10 iconic musical instruments from the movies
The two are inextricably linked. From the strains of Dick Dale in Pulp Fiction to the opening chords of As Time Goes By in Casablanca, music imbues the action onscreen with a raw emotional power.
With that in mind, let’s take a look at 10 of the most iconic instruments ever seen in movies.
10. The Spinal Tap bass
Spinal Tap is the portrait of rock excess so accurate that many of the bands it parodied admit they struggled to watch it.
The accuracy isn’t limited to the on and off stage antics of 80s hair metal bands. They got the guitars bang on too.
A case in point is this ludicrous BC Rich double necked bass guitar, which realised $9,375 at Profiles in History in 2013.
9. The executioner’s drum from Flash Gordon
Flash Gordon is the technicolour acid trip that unleashed a winged Brian Blessed on a largely unsuspecting world.
This drum appears in the scene where the eponymous Flash is readying himself for his execution.
It achieved $300 in a 2006 sale.
8. The guitar from Apocalypse Now
Robert Duvall’s extraordinary performance as the deranged Lieutenant Colonel Bill Kilgore in Apocalypse Now has gone down in history.
He played this guitar at one point in the film when the men are sat around a campfire.
It’s one of very few surviving pieces of memorabilia from the famously fraught and chaotic production, which ballooned from six weeks to 68 and nearly killed director Francis Ford Coppola.
7. The snake saxophone from The Addams Family
While you could probably get a sound out of most of the lots on this list, you might struggle with the snake saxophone from 1991 hit comedy The Addams Family.
It can be seen being blown by a 12-fingered saxophonist during the movie’s ballroom scene.
6. The accordion from The Godfather
This accordion is the one played during the scene where Fredo (John Cazale) takes his brother Michael (Al Pacino) to a Las Vegas bar and encourages the band to launch into For He’s a Jolly Good Fellow - much to Michael’s annoyance.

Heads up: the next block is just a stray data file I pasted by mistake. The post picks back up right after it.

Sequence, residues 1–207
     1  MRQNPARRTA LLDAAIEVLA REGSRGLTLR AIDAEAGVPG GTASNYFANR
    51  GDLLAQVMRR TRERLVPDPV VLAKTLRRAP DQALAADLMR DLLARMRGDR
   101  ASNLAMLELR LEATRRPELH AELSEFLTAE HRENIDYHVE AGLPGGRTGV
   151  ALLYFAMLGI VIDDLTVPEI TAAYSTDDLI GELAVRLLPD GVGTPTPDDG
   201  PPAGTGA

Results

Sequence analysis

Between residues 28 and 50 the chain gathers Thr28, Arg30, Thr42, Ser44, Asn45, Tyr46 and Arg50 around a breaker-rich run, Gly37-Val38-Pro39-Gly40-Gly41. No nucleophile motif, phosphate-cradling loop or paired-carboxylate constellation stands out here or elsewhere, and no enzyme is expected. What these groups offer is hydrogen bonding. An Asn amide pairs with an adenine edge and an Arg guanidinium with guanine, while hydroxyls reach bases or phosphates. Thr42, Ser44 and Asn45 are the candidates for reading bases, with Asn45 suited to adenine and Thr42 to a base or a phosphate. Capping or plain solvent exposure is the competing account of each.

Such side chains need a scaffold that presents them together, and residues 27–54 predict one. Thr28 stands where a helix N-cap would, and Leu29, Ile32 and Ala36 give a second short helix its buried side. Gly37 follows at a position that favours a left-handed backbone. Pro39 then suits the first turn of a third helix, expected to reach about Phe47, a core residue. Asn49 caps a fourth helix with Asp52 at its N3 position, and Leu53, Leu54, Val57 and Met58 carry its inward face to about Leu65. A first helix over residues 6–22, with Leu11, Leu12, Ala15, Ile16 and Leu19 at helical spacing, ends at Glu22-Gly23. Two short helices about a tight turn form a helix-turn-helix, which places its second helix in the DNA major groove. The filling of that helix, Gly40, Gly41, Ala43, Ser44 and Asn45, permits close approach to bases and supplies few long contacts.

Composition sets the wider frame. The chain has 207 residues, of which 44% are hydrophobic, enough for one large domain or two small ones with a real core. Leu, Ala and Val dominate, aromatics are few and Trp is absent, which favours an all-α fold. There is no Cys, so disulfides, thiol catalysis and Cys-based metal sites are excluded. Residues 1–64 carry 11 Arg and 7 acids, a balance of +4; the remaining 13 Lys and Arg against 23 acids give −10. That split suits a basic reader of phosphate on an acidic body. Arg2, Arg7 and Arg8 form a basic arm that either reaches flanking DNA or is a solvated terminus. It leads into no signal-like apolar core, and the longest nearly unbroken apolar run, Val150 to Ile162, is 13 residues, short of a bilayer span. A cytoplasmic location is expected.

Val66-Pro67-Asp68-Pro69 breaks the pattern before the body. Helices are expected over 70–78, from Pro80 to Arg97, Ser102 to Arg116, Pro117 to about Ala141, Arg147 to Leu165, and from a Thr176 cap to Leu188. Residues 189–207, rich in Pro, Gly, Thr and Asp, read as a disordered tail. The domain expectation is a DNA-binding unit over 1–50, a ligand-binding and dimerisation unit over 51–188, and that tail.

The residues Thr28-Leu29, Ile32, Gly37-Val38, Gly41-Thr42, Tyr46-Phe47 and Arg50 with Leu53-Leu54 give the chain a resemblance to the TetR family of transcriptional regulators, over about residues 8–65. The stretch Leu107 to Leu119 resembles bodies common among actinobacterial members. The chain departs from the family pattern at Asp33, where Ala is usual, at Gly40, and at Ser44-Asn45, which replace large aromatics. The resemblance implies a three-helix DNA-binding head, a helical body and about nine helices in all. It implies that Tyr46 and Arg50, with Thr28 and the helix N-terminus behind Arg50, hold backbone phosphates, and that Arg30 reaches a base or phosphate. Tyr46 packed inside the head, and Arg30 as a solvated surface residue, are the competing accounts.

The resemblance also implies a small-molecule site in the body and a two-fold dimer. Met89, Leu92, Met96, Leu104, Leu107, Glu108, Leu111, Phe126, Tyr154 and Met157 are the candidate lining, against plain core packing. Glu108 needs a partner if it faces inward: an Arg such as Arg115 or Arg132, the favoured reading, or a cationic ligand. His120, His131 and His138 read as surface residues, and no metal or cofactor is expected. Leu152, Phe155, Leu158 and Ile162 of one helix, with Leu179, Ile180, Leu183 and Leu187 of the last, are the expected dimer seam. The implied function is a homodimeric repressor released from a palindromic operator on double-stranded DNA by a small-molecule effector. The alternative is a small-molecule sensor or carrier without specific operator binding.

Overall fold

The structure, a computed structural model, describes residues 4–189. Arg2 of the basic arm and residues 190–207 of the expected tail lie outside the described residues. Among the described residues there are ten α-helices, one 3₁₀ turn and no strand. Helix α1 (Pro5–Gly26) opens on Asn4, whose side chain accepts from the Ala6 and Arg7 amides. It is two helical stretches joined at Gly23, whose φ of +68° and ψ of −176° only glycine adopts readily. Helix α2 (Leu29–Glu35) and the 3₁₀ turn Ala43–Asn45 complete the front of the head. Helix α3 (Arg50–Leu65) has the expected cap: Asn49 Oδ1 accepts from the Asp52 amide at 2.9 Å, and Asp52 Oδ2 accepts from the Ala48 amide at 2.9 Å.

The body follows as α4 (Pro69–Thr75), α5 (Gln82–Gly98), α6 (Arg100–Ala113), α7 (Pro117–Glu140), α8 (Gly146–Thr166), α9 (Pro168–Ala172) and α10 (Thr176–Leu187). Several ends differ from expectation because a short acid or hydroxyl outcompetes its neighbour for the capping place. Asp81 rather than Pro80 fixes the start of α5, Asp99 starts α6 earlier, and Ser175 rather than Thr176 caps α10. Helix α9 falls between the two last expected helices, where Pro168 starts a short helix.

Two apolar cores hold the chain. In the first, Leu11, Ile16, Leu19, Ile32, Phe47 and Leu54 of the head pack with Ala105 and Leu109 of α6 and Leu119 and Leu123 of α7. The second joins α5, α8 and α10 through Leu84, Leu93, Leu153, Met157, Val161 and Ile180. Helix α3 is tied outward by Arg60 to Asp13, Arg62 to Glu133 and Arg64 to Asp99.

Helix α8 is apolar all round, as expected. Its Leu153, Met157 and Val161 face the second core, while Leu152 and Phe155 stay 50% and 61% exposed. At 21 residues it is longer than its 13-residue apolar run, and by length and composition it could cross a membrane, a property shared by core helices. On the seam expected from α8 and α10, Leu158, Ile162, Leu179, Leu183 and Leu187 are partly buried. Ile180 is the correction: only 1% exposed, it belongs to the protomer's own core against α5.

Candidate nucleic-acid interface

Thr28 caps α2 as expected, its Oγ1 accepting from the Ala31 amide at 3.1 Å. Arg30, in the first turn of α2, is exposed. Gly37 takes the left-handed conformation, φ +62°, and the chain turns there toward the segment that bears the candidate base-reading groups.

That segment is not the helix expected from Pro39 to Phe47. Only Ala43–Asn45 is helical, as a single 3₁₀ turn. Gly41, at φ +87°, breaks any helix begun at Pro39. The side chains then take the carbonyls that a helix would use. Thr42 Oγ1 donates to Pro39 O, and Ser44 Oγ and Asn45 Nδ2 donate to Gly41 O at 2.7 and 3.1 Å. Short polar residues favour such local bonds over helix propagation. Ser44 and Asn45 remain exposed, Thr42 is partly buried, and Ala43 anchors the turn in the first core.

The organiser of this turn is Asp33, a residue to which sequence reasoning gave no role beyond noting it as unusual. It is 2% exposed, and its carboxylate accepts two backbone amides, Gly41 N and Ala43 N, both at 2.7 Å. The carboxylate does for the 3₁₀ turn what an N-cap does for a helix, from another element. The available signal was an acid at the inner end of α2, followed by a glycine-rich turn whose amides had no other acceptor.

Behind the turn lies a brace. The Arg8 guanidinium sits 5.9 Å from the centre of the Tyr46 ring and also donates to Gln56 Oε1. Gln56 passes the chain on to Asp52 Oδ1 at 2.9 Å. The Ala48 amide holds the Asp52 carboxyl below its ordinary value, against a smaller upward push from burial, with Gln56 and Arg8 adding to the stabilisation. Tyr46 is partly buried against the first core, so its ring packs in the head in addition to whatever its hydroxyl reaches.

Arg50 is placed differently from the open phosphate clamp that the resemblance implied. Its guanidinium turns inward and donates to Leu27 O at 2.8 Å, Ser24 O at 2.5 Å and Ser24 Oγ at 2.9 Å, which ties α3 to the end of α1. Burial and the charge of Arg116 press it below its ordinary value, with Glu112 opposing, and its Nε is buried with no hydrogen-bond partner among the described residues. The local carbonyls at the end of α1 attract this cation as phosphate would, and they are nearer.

The accordion was actually owned by the accordionist in the movie, session musician Bertram Buddy Lambert.
It sold for $9,000 at Premier Props in 2013.
5. The harmonica from The Blues Brothers
John Belushi and Dan Aykroyd came up with the characters of The Blues Brothers for Saturday Night Live in 1978.
The skit was a huge hit and eventually led to a bidding war for a feature film in 1980. The wildly chaotic production saw the studio portion off part of the film’s budget to supply cast and crew with cocaine.
Aykroyd’s harmonica, used in at least one onscreen sequence, sold for $3,585 in 2007.
4. The guitar from Black Snake Moan
Black Snake Moan (2006) starred Samuel L Jackson as a blues singer who chains Christina Ricci to a radiator in an attempt to relieve her of her demons through the power of music.
His distinctive guitar, a purple Gibson archtop, is used throughout the movie.
It realised $1,600 in 2007.
3. The synthesizer from Close Encounters
The enormous, room-sized ARP 2500 synthesizer used to communicate with the aliens in Close Encounters of the Third Kind (1977) is a huge prize for both movie lovers and synth nerds.
It was employed as a prop and a sound tool in the movie and was also used to compose sound effects for the original Star Wars movies.
It sold for an undisclosed sum in 2008.
2. Yoda’s flute from Star Wars
While we never see Yoda play his flute, it’s a key part of his costume.
The piece is known as a blissl within the Star Wars canon and apparently sounds much like a pan pipe.
This example appears in both The Empire Strikes Back and The Return of the Jedi and made $10,000 at Profiles in History in 2005.
1. The piano from Casablanca
When it comes to instruments in movies, there is none as iconic as the piano in Casablanca.
It plays a central role in the drama, with Rick Blaine (Humphrey Bogart) using the lid to stash the movie’s famous McGuffin – the letters of transit that allow the bearer to travel freely across Nazi-occupied Europe.
Perhaps most memorable though is the scene where Ingrid Bergman gives her famous command to "Play it, Sam. Play 'As Time Goes By'.”
This extraordinary piece of film history sold for a record $3.4m in 2014.
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